In 1973, at the height of the Yom Kippur War, I was a fairly new immigrant working in a large defense company in Rehovot. For the first week or so, the war had seemed far away from Rehovot, but early one morning the air-raid sirens started their gut-wrenching squeal. We dropped everything and rushed to the company bomb shelter, a large underground structure with room for all 300 employees.
It was a new experience for me. The last time I had been in a bomb shelter was in war-torn London and I was only six months old. I stood amongst my colleagues, with my back to one of the walls and, after waiting anxiously for a few minutes, I heard the crump of the falling bombs and, to my surprise, felt the shelter wall move. The movement was not much, but the quick up-down jump of a supposedly solid concrete wall was, to say the least, unnerving.
After a short wait, the all-clear sounded and we climbed back out of the shelter.
The sight that met my eyes was simply astonishing – absolutely nothing had happened, there was no fire, no smoke, no damage. A little later we learned that it had been a false alarm; there had been no air-raid and no bombs.
The sound of the bombs, the movement of the wall, had been the product of my overworked imagination.
Last month it was 25 years since the end of the First Gulf War. After several weeks of will they, won’t they, we were woken in the early hours of the morning by a call from a friend – “It’s started, the Americans are bombing Baghdad,” he said. Just a few minutes later, the sirens sounded.
Once again I found myself in a bomb shelter. This time it was my own kitchen.
Following instructions from the Civil Defense experts, I had converted it into a place of shelter and safety by sticking some plastic sheeting over the window and putting a water-soaked anti- gas cloth at the bottom of the door.
“Are we really safe here?” asked my wife, “The walls are not very thick and we have a very big window.”
“Oh. Just use your imagination. Imagine that we are in an underground bunker. We should be OK.”
We put on our gas masks, and feeling not a little ridiculous, sat round our emergency radio waiting for instructions.
They were quite clear “Drink water.”
We could hardly talk to each other through the cumbersome masks; drinking was out of the question. My three kids looked at me for guidance, suddenly I had an idea.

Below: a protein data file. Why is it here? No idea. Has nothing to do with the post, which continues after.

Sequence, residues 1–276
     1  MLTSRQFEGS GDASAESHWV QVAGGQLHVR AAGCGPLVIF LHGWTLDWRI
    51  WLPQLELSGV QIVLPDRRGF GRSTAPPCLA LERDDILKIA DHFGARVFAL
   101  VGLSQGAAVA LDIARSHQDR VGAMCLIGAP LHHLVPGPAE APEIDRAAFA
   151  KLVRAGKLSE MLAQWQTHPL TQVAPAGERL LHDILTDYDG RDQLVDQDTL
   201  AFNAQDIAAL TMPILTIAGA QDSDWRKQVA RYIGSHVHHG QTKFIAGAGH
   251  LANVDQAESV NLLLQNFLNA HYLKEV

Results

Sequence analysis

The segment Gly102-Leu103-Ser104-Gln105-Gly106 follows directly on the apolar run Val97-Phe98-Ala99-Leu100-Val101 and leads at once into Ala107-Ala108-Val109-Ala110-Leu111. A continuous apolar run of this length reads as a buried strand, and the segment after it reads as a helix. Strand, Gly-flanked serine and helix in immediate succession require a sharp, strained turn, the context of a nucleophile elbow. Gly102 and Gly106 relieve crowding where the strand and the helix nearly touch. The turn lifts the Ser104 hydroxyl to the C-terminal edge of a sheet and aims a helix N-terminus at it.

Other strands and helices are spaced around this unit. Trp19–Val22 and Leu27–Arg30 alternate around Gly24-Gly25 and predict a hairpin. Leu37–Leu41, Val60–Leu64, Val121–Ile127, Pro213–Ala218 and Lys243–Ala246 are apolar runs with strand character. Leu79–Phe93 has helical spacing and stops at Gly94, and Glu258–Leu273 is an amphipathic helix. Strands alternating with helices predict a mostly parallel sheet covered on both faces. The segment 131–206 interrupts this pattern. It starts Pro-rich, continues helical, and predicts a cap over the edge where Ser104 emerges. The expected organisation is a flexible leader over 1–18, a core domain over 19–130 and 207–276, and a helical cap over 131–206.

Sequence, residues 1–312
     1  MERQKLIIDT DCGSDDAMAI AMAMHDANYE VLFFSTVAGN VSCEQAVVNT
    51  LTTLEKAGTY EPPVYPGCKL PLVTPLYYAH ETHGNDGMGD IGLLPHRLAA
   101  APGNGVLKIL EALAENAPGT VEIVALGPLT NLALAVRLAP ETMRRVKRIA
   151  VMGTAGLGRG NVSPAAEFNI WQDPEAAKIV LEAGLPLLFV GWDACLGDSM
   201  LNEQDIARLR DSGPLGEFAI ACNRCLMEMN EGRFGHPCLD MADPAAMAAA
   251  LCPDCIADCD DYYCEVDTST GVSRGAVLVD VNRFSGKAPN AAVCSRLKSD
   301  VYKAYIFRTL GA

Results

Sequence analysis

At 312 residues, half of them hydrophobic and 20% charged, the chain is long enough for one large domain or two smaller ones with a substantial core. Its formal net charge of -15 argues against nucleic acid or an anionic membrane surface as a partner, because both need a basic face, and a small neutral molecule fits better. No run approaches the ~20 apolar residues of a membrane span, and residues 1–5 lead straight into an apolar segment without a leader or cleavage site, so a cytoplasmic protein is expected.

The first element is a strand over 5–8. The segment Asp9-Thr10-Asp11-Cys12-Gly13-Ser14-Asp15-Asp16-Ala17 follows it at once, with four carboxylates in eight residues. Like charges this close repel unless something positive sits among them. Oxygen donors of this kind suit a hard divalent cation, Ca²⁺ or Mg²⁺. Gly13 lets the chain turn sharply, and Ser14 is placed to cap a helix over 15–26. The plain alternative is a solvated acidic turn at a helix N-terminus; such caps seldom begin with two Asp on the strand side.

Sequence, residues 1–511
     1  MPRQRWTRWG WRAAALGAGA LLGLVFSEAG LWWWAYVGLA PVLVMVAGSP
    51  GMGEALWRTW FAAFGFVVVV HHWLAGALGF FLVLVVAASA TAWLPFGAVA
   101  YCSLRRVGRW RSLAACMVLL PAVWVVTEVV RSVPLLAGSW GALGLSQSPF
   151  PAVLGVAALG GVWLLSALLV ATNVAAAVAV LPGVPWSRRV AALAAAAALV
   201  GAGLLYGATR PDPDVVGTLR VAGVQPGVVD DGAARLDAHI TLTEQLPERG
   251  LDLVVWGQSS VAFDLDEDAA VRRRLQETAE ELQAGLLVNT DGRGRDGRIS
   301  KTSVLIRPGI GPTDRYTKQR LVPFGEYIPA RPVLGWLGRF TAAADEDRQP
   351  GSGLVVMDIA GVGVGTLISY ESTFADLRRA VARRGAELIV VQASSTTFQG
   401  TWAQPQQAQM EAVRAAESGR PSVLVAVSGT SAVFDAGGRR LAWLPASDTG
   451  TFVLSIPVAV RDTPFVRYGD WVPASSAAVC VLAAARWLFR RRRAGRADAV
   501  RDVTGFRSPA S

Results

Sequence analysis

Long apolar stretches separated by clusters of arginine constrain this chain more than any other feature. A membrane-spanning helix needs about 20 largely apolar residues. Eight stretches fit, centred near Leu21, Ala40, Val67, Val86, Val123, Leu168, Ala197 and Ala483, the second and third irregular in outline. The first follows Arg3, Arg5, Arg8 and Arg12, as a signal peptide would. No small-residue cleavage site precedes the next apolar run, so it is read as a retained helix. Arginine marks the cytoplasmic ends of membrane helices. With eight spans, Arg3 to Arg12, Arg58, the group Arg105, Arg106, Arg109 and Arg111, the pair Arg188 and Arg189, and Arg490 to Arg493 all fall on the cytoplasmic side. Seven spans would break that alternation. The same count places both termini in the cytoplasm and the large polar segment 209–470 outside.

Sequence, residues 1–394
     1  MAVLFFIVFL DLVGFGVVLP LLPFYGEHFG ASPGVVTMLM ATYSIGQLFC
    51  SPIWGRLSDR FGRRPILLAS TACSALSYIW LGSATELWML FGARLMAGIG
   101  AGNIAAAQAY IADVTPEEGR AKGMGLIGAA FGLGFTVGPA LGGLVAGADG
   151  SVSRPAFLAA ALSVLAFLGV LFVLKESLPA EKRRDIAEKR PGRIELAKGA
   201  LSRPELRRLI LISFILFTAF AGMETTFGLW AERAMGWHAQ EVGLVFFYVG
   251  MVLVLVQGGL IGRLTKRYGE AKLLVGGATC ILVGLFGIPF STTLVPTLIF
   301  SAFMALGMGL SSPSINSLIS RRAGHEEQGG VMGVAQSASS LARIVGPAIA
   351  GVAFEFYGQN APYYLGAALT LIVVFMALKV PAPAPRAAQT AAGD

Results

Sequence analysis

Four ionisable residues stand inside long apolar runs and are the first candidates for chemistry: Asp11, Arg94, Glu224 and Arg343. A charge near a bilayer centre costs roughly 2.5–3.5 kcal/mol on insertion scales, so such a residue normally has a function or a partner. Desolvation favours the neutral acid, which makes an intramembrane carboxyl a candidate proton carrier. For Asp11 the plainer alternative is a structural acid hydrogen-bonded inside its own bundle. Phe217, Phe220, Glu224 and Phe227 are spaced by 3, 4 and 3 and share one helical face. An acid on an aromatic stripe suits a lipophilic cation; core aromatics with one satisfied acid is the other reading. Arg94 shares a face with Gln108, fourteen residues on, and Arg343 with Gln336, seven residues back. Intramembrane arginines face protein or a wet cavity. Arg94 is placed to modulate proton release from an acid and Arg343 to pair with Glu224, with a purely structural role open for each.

“Imagine you are drinking water.” We were soon making slurping sounds and feeling like good citizens, obeying the instructions from the Civil Defense. I never told anyone that I had imagined drinking whiskey, not water.
We all heard the crump, fortunately in the distance. It later turned out that a Scud missile had hit Beit Dagon, quite a way from Rehovot.
“It’s just your imagination.” I told my kids, “Nothing to worry about.”
“But, Daddy, Dusty [our beloved family dog who was sharing the safety of our shelter with us] has heard it as well.”
“Well, that just shows that even dogs have imagination.”
I spent a lot of time in my sealed room, gas mask at hand, waiting for the sirens to announce the arrival of the next missile. Work had, more or less, come to a standstill and all the usual distractions were out of the question.
I needed to cheer myself up. Looking around my office, converted to a bombproof, gas-proof, safe haven by the addition of a piece of thin plastic sheeting, the only thing that stood out was a pile of fresh writing paper and a couple of well-chewed pencils. The answer was obvious – I had everything needed to write a book.
A few months ago, I dusted off that old typewritten manuscript, updated the story to reflect the 25 years that had passed, and turned it into an electronic e-book. Encouraged by my e-book’s success, I am now writing the second Len Palmer Mystery.
That war ended, but in the 25 years that have passed we have had a lot more.
Now our air-raid shelter has to be large enough for our six grandchildren – just imagine that! As I look around me, the world does not seem to have become a safer place than when I was taken into the London bomb shelter. We, on the “island” of Israel, are surrounded by unimaginable chaos and savagery. Our neighbors slaughter each other on an almost unknown scale. But, as I grow old, my imagination is still working – I imagine a large underground bomb shelter that is now used to grow mushrooms. I imagine a world where sirens only announce the arrival of Shabbat, not a gas-filled Scud missile. I imagine using my gas mask only when I spray the fruit trees in my garden. I imagine catching a train from Rehovot all the way to Paris.
I image that Pablo Picasso was right: “Everything you can imagine is real.” The writer is a retired physicist. His overworked imagination has created a novel, Snow Job – a Len Palmer Mystery, available for Amazon Kindle.
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